Should investors also ‘residualize’ bond momentum? This paper1 investigates the momentum factor in credit markets. Using Euro bond data from the years 2004-2016, the authors found that a momentum premium existed for high yield, but not for investment grade, just as is documented in the existing literature in the case of US-dollar bonds.
The most interesting analysis concerns the ‘residualization’ of bond returns. Since corporate bond returns are affected by systematic drivers, such as the interest rate, credit spread and liquidity risk, the momentum winner and loser portfolios tend to contain bonds with large exposures to these drivers. For example, in a credit bear market, especially the lower-rated, longer-dated and less liquid bonds tend to be the losers.
The authors split bond returns into their systematic and bond-specific parts. The systematic part was driven by a bond’s credit rating and its liquidity (proxied by age and size), but unfortunately duration or Duration Times Spread were not included.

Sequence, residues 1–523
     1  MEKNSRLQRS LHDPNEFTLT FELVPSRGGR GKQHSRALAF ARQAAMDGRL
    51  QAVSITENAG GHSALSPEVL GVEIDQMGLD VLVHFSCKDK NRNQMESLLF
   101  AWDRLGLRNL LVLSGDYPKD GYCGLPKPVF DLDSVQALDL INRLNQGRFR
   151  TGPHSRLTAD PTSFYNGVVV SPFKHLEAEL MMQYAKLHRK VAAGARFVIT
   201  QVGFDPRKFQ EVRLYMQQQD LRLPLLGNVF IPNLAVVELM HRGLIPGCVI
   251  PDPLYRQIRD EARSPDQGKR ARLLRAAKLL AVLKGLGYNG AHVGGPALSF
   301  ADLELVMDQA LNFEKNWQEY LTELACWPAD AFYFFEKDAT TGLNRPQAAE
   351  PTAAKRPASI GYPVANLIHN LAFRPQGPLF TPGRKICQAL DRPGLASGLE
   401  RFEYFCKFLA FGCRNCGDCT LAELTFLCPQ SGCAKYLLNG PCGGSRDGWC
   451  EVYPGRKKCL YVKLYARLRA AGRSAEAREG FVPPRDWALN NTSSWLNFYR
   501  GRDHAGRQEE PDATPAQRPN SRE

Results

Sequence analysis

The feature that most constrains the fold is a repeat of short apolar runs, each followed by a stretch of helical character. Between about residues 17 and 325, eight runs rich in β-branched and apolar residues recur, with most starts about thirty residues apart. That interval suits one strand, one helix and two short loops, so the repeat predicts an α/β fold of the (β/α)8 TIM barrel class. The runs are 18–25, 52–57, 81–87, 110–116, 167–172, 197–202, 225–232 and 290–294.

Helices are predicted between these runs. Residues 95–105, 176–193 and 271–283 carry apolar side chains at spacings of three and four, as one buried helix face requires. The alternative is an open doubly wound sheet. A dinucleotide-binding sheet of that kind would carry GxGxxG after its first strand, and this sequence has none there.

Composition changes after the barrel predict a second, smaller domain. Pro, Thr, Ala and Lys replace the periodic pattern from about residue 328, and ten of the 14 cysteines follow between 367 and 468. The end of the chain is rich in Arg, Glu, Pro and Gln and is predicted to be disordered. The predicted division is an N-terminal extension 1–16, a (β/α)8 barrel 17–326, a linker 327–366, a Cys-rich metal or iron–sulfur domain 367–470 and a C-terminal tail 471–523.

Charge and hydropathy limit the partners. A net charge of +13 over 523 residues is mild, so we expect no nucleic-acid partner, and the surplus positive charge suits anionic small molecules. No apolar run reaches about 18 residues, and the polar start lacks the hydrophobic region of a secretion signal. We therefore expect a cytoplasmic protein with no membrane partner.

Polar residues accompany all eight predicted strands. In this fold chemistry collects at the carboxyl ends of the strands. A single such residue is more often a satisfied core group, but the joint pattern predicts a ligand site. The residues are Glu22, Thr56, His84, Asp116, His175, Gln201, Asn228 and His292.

The authors did find momentum in bond-specific returns, but not in systematic returns. They link this to the gradual information diffusion hypothesis of Hong and Stein (1999), stating that investors underreact to firm-specific news. However, they do not discuss the lack of a bond momentum effect in the investment grade market.
In our own research, we have found that there is also a momentum effect in Investment Grade if the stock return, instead of the bond return, of the company is used to identify winners and losers.
1Barth, Scholz & Stegmeier, 2018, “Momentum in the European Corporate Bond Market: The Role of Bond-Specific Returns”, The Journal of Fixed Income, Winter 2018
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